LAHORE (Web Desk) – About 90 percent people in Pakistan are unknowingly eating ‘Haram’ meat while believing it to be ‘Halal’, according to data available with Pakistan Halal Product Development Board (PHPDB), Punjab Halal Development Agency (PHDA), Pakistan Standards and Quality Control Authority (PSQCA) and Pakistan National Accreditation Council (PNAC).

The data reveals that ordinary people are unaware of the requirements of Muslim dietary law, enshrined in the 1973 Constitution, and are therefore led to believe they are eating Halal food whereas actually they are not.

Officials working to regulate the Halal meat sector have said that animals are not being slaughtered according to Islamic practice as the country fails to ensure ‘Halal’ standards are met. Only one slaughter house, Shapur Kangran Slaughter House operated according to Halal standards, they said.

The lack of certified Halal meat in Pakistan, according to them, had made most Muslim countries reluctant from importing Pakistani meat products, which explains Pakistan’s extremely low share of 0.2 percent in the $ 3 trillion global Halal meat trade, catering to 57 Muslim-majority countries.

According to officials, Pakistan has been unable to capture a share in this lucrative and fast-growing market due to the lack of enforcement of existing Halal standards. They said the market had been dominated by non-Muslim countries such as China and India over the years, due to the failure of countries like Pakistan to meet international Halal accreditation standards.


Despite efforts of the government, Pakistan has not been able to improve its regulation of the meat industry. Pakistan has held five international Halal conferences and exhibitions to spur its Halal meat industry to claim a greater share of the global market. More than 22 MOUs were signed as a result of these conference; however, they have achieved no results so far.

Recently, CM Punjab Shahbaz Sharif inaugurated the 5th Halal conference organized by Punjab Halal Development Agency (PHDA) and lamented Pakistan’s meager share in the multi-trillion dollar Halal meat trade, despite its status as the tenth-largest Muslim country in the world.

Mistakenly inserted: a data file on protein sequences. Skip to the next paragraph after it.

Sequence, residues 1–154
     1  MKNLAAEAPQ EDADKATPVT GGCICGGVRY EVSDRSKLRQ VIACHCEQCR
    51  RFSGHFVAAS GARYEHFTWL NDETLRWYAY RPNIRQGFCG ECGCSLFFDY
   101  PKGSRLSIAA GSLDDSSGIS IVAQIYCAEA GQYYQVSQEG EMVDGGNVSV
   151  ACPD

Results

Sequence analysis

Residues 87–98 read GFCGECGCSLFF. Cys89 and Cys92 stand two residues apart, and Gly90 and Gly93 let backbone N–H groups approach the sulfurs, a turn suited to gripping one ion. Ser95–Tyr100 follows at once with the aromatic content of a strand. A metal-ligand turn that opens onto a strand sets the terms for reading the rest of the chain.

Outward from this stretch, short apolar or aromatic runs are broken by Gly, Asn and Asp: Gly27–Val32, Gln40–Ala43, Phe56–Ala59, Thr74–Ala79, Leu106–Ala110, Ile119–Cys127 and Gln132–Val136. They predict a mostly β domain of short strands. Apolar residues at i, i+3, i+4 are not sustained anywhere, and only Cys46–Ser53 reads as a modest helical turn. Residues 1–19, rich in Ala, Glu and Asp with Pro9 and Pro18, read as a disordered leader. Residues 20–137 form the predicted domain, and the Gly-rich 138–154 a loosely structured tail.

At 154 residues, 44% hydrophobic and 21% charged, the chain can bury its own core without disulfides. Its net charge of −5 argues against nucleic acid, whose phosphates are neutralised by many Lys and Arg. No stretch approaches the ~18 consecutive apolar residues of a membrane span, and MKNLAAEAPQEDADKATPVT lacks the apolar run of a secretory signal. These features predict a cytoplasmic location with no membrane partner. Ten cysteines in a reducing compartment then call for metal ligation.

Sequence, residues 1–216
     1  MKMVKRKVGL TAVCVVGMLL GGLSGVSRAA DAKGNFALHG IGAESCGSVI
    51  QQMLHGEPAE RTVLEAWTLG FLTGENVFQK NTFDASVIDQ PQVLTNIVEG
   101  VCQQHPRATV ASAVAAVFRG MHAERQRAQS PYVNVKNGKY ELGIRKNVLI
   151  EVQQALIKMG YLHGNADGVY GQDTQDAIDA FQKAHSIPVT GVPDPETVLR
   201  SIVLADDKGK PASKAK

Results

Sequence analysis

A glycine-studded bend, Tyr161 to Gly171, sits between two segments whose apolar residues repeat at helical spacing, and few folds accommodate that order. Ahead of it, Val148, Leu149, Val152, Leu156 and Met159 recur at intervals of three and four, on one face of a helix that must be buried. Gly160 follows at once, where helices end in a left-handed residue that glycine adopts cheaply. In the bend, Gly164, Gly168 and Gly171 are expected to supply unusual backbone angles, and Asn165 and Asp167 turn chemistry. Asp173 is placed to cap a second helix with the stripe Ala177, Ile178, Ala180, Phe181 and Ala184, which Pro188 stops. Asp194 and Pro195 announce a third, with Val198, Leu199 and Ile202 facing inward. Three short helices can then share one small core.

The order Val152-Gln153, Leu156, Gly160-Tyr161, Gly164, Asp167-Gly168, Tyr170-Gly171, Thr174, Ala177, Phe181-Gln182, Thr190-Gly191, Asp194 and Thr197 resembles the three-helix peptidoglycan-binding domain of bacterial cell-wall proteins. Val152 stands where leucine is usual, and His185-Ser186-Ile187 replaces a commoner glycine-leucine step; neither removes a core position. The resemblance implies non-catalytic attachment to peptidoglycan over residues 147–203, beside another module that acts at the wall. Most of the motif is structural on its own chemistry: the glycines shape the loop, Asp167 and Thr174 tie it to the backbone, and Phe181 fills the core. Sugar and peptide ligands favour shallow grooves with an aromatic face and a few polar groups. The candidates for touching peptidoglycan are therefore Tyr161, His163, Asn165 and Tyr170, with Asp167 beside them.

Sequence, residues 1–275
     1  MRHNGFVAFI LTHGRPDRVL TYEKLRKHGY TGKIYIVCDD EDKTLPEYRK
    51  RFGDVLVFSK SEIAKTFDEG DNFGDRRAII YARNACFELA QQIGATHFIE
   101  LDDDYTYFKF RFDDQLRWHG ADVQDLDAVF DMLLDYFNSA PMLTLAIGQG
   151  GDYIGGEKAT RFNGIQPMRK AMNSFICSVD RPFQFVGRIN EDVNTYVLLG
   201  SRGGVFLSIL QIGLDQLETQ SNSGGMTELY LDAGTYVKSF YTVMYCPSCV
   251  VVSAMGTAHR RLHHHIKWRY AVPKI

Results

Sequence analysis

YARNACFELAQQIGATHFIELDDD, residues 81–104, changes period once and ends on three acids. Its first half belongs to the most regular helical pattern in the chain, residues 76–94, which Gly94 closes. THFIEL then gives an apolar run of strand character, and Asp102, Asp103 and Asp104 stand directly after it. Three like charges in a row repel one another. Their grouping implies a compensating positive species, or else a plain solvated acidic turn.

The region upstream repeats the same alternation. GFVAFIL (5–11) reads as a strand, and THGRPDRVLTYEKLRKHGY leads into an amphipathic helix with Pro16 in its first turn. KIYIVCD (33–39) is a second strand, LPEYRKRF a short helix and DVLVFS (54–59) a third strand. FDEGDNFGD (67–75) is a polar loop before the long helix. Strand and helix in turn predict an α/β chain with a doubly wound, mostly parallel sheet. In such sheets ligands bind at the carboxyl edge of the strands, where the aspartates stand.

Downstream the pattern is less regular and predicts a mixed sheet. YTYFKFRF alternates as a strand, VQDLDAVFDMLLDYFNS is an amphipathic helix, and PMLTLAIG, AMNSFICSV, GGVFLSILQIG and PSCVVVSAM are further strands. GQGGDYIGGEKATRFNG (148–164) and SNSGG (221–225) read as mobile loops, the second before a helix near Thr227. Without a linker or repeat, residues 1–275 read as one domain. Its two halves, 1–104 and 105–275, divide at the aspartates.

A major reason for Pakistan’s failure to capitalize on the global Halal meat industry is the lack of effective enforcement of Halal standards. If Pakistan established the right infrastructure, it can take advantage of its huge livestock population, considered to the the 4th largest in the world, and take a lion’s share of the international Halal market.

However, the many regulation authorities set up to oversee the meat industry have been ineffective or not allowed to get off the ground. The Punjab Halal Development Agency (PHDA) has yet to be empowered to exercise its authority. Pakistan Halal Product Development Board (PHPDB) was set up in 2009 to promote halal export and trade, but has made no headway in this regard so far.

Similarly, establishment of the Pakistan Halal Authority (PHA) still remains a pipe dream. In consultation with PHDA, Pakistan Standards, and Quality Control Authority (PSQCA), Pakistan National Accreditation Council (PNAC) and other stakeholders, national standards for the Halal industry were outlined, but have yet to come into effect.

Since basic standards and rules have yet to be drafted in this regard, international brands like McDonalds, Lays, Proctor & Gamble and Cadbury have been flooding the market with non-Halal items.

This explains why the Ministry of Science and Technology Pakistan recently declared 23 imported food products to be Haram.

These include: Bubblicious, Ragu, Pascual Yogi Kids, Chupa Bubble, Rice Chicken Broccoli, Jell-O, Pasta Chicken Broccoli, Chicken Tonight, Skittles, Skittles Fruits Jar, Picnic Chicken, Skittles Fruit 15p, Chicken Soup, SliMa Soup, Yupi Fruit Cocktails, Cup a Soup, Gummi Pizza, Yupi Footballs, Heinz Dinner Chicken, Strawberry Leaf, Pop Tarts, Tulip Chicken and Pasta Creamy Chicken.

However, despite informing the Commerce Ministry and relevant provincial departments, the Ministry of Science and Technology has still been unable to ban the import of these items.